$1.9 Trillion American Rescue Plan Released – Perhaps the 3rd Time is a Charm!

March 2, 2021


By Nicole DeRosa, CPA, MAcc, Senior Tax Manager 

The much anticipated $1.9 trillion American Rescue Plan was released by lawmakers last week and passed by House by a near party-line vote of 219-212 early Saturday morning.  The third stimulus package is now on its way to the Senate, which is expected to pass in hopes to meet a mid-March deadline, albeit with some potential changes.  Once signed into law by President Biden, this 592-page stimulus package will offer a wide range of help for American taxpayers – both individuals and for struggling elements of the economy.  Here is a rundown of its tax highlights:

Round 3 of Stimulus Payments

Individuals making up to $75,000 a year will receive a $1,400 payment, while married taxpayers filing jointly making up to $150,000 a year will receive a $2,800 payment; payments per dependent child will be up to $1,400.  Unlike the first two rounds of stimulus, adult dependents will now qualify for a payment.  Again, taxpayers earning too much money (single taxpayers earning over $100,000 per year and married couples earning over $200,000 per year) will be phased out and not eligible to receive a check.  The calculation for eligibility on this third round of checks is to be based on either 2019 income amounts or 2020 income amounts, depending on what the Internal Revenue Service has on record once checks are slated to be calculated.

Targeted EIDL Advances

Created by the Economic Aid Act (EAA), this program will be extended and expanded to provide funds to businesses located in low-income communities that have no more than 300 employee and have suffered an economic loss of more than 30%.  These funds will not be included in gross income of the person who receives the grant, no tax deductions will be denied, no tax attribute reduced, and no basis increase denied due to the exclusion of the grant funds from gross income.

Unemployment Benefit Expansion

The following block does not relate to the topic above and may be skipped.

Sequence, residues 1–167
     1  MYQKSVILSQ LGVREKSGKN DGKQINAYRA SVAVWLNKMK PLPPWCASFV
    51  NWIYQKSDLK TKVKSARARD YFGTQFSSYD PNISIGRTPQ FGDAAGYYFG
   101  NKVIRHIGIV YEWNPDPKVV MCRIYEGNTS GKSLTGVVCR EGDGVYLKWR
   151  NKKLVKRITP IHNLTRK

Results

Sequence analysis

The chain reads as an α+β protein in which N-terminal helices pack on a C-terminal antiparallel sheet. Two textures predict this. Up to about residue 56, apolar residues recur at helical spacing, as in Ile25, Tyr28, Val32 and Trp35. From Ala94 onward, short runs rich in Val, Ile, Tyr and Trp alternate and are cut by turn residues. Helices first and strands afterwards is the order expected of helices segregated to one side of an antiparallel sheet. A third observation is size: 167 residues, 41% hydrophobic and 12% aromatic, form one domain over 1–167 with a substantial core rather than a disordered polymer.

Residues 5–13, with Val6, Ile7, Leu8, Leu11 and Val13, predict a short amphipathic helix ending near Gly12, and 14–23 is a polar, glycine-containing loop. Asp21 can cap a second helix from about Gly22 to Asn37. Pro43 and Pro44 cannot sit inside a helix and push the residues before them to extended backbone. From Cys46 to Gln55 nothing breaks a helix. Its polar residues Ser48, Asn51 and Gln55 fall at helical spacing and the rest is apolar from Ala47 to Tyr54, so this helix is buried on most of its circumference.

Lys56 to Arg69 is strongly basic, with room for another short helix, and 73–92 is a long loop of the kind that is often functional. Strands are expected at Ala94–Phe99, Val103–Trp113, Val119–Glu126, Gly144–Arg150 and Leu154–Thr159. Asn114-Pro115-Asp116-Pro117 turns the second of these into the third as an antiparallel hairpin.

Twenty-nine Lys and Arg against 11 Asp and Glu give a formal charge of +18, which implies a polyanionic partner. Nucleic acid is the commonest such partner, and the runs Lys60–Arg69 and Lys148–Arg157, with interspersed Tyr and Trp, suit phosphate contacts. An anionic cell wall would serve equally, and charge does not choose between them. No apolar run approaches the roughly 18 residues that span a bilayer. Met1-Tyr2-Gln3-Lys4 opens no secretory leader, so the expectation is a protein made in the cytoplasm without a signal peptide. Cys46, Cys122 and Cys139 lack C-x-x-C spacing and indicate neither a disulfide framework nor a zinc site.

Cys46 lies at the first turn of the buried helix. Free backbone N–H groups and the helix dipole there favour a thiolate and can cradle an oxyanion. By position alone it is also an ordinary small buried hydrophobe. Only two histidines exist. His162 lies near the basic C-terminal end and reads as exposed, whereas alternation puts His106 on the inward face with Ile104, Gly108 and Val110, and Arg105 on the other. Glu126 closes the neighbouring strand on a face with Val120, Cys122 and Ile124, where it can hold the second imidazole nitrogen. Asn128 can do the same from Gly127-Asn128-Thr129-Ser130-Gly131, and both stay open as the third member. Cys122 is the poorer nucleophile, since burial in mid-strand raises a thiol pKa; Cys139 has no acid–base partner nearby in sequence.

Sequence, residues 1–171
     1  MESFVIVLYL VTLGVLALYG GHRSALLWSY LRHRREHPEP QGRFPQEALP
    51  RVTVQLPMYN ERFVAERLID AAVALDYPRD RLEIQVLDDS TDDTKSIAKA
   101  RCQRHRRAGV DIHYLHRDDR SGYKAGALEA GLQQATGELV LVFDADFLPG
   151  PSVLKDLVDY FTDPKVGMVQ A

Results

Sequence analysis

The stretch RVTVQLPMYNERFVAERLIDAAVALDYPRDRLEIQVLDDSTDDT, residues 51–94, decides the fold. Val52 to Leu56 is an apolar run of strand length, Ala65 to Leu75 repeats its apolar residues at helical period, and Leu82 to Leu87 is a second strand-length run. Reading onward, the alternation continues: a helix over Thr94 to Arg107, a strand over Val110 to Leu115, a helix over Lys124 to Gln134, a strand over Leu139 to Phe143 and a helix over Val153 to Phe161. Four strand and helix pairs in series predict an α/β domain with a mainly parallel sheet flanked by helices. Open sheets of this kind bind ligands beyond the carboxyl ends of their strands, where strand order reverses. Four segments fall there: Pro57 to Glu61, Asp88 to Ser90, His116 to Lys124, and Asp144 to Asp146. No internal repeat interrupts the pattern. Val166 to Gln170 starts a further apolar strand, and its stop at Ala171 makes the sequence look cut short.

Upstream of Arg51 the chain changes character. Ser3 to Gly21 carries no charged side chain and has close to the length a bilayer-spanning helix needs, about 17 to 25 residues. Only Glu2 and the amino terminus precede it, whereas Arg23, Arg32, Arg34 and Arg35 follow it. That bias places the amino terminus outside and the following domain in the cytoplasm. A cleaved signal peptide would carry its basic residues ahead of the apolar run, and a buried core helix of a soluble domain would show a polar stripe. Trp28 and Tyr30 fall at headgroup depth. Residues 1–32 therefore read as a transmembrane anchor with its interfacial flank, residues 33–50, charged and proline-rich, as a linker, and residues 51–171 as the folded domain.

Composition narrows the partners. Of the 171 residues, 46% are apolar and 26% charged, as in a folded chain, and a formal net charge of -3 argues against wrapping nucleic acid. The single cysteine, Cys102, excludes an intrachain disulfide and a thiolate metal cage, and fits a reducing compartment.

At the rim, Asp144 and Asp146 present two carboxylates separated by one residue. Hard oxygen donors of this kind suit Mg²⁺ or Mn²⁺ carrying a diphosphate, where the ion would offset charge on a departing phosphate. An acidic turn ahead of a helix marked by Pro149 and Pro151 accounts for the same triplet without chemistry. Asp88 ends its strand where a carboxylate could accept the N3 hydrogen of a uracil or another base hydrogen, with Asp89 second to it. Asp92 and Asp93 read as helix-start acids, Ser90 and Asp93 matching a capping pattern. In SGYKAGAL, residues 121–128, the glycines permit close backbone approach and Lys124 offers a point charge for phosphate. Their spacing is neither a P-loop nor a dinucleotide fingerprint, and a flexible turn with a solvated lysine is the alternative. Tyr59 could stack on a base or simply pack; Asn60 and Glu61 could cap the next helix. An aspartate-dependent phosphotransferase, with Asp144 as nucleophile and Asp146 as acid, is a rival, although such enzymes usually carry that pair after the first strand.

Currently, the $300-per-week federal supplement is set to expire March 14th. However, the American Rescue Plan bill moves the expiration date to August 29th and increases the supplement to $400 per week.  In addition, the bill also increases the total number of weeks eligible for the supplement from 50 weeks to 73 weeks.

Business Credit Expansion

Employee Retention Credit: Extension and enhancement of the employee retention credit would encourage businesses to keep employees on payroll through the end of 2021. Expansion of this credit would also include credit against the Medicare tax.

Family and Sick Leave Credit:  Originally enacted by the Families First Coronavirus Response Act (FFCRA), this bill increases the limit on the credit for paid family leave and extends the period to September 30th.  In addition, the bill extends the refundable tax credit for leave to cover 100 percent of the cost for employers with less than 500 employees and reimbursing state and local governments.

Ancillary Individual Tax Provisions

Earned Income Credit:  More changes in the calculation have been made to enable taxpayers who lost wages or jobs during the pandemic to still qualify for the credits.  The bill increases phaseout percentages, investment income thresholds, and allows taxpayers to use their 2019 income instead of 2021 income in figuring the credit amount.  Allowing taxpayers to utilize a lower income amount would enable them to potentially receive larger credits because the credits “phase in” with income.

Child Tax Credit:  The bill expands the credit by making the child tax credit fully refundable for 2021 and increases the amount of the credit to $3,000 per child, $3,600 for children under the age of six.  Like many refundable tax credits, the credit amount will phase out for taxpayers who make too much money – in this case, taxpayers with incomes over $150,000 for married taxpayers filing jointly, $112,500 for heads of household, and $75,000 for others.

Child and Dependent Care Credit:  Included in the bill are changes to this credit for 2021, making it refundable; the bill also increases the exclusion for employer-provided dependent care assistance to $10,500.

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